Slayer Ultra Review

manufacturer: TTM Supershop Guitars date: 04/20/2010 category: Electric Guitars
TTM Supershop Guitars: Slayer Ultra
TTM should be absolutely ashamed of themselves. If this is what USA if offering then no wonder... This TTM should never have left the shop, but it did.
 Sound: 4
 Overall Impression: 1
 Reliability & Durability: 5
 Action, Fit & Finish: 1
 Features: 7
 Overall rating:
 Reviewer rating:
 Users rating:
review (1) 10 comments vote for this gear:
overall: 3.6
Slayer Ultra Reviewed by: ketchil52, on april 20, 2010
2 of 2 people found this review helpful

Price paid: A$ 525

Features: Brand New - TTM Slayer Ultra, Made in USA, HH Strat with TTM's Paldin 2-core pickups, PAF style, passive (ie no battery), 22 medium jumbo frets, Maple neck and fretboard, "Cognac" coloured swamp ash body, THICK NOS, gold trim of Wilkinson Trem & Tuners (non-locking), 1xVol & 1xTone - gold knobs with perloid top, 5-way selector, no other accesories. I must say it looked GOOOD! BUT then I picked it up and now there's reality... Would have given a bit more but it is way over lacquered, especially the neck // 7

Sound: I'm mainly 60-80's rock, blues, country, some light jazz. I'm no shredder but I use all the fretboard. When I test a guitar out, I plug it straight into my Marshall JCM 800 which I've had forever, with no effects. It sounded OK - 5/10. I could get some reasonable Strat sounds and some half reasonable Les Paul sounds. The p-ups were clear all the way from top to bottom but were just p-ups. I then went through my simple effects rig of, Vintage Boss 10 band Equalizer, Vintage Tubescreamer (with the right chip), Roalnd RE501 Tape Space Echo, which improved it a bit, but it really didn't do much for me. I must admit I did expect more because the exchange rate on the new TTM's at the time, which were then selling for about $(US)750 converted to about $(AUS)1100.00. So I think I was entitled to expect something a bit special, at least better than an Epiphone, but got something way ordinary. I ended up putting them on a Fender Squier that I later flogged. // 4

Action, Fit & Finish: This is where all the fun starts. Action was way way high, 4mm at the nut, because the nut wasn't cut properly. The nut was left high because the 17th fret was raised and needed to be reseated. I could see the reamins of some work done trying to reseat that fret but it had risen again. So I reseated the fret, re-crowned it and repolished it, and also re-cut the nut ('cos I know how to do this), and then set to intonate it because it wouldn't stay in tune up the fret board. That was because the bridge was 3mm to close to the neck. Hmmm not happy at all now, because it could never be intonated as it was. The 5-way only worked in only 3 positions because it was a 2-core 2-pup job, ie basically 2-pups that can't be coil-tapped. 1=Neck, 2/3/4=Both, 5=Bridge. A bit more playing showed flat spots up and down the fret-board and that it needed a complete fret dress. That's lots of hours if you have the tools and the skill OR lots of hours to someone else if you don't have the tools and the skill. But wait, there's more. On the overlap of the 22nd fret, where the fretboard sits over the pickguard the cap tapered away leaving a 2-3mm gap at the high "E" to 0mm and the low "E". Someone was over zelous with a sander, and the neck looked like it needed to be shimmed as-well, ie raise a little in the neck pocket to give a level fit. So off went the neck. The revealed a lot of extra sanding in the neck pocket by someone who was obviously trying to widen AND deepen the neck pocket. I also noticed "oriental" gliphs on the lip of the 22nd fret, suggesting the neck was made in either Korea or China, so elsewhere, but not in USA. OK, while I have the skills to perform all of the above fixes, enough was enough, from a NEW guitar. This guitar was a basket case and needed to be put down. // 1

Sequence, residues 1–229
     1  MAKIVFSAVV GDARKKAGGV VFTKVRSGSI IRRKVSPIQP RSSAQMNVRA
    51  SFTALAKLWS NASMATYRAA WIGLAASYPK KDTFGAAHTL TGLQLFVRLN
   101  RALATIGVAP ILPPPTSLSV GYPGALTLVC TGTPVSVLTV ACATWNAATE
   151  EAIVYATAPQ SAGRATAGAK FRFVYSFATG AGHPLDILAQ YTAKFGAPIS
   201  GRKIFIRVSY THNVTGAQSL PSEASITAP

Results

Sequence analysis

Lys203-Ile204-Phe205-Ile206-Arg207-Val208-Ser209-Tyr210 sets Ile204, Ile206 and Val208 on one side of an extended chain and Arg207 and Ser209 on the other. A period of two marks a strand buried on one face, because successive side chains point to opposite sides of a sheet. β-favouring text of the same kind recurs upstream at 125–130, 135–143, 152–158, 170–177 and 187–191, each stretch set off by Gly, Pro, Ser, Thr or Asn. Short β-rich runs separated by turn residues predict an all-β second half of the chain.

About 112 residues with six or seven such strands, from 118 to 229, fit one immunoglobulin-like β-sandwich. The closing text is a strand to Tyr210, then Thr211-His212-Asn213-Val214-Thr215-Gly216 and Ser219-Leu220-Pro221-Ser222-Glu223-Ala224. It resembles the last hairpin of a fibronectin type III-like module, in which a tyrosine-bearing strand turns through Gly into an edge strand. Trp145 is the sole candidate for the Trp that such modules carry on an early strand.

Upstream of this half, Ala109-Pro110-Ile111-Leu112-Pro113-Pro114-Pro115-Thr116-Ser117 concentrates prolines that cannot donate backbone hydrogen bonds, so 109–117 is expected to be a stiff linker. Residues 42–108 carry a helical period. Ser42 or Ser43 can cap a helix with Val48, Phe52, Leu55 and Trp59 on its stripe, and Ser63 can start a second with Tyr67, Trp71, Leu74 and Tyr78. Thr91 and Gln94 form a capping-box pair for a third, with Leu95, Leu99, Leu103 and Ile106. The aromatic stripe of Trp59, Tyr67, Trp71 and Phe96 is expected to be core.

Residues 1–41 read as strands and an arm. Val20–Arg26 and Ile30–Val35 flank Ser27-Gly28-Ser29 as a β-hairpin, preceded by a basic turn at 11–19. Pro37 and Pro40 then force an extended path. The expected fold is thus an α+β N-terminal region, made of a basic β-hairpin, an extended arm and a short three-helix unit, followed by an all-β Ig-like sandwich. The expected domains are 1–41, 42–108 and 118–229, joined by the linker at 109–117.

Reliability & Durability: I'll be fair here. If everything was working fine it probably would gig well for a goodly while. You'd need a strong back for the swap ash though. The whole guitar came in a 14lb, a tad heavy for me but it wasn't noted on the sales pitch for this one, which I was a bit miffed about. Would'nt have got it (ie this particular one) if I knew it was that heavy. Must say though it would make a great self deffense weapon for rough pub gigs. // 5

Overall Impression: I'm an old rocker. Been playing since 1966, the year I turned 14, and I'm still giging - 50/50 mix of originals and covers. I've played mainly Fenders, Gibsons and Ibanezes, and I collect Japanese Vintage guitars of 1979 to 1982, made by Fujigen or Matsumoku. While I have sold many I have also kept the cream of the crop that suit my music and play style. TTM should be absolutely ashamed of themselves. If this is what USA if offering then no wonder... Don't get me started. This TTM should never have left the shop, but it did. There are obvious signs of TTM's attempt to fix it, but decided to chase the buck move it on to some poor unsuspecting customer. I contaced TTM on many occasions and Lance Benedict, el BigWig, TWICE, not once, but TWICE, "PROMISED" to send me a replacement. Just as well I didn't hold my breath, because guess what, I'm still waiting... I repeatedly sent subsequent emails, but never got a reply. Oh well. Never again. Anyway... I took it all apart, re-seated the bridge, re-dressed, re-crowned and re-polished the frets, slipped in two Bill Lawrence XL500's, sanded of the TTM logo 'cos that would have to be a drawback and got it to become the guitar it always should have been but wasn't. TTM still owes me a $1000.00 guitar. In short I would never touch one again, never even look at one, and definately would not buy one again. And it if had gotten stolen, I could have at least got my money back from the insurance company... // 1

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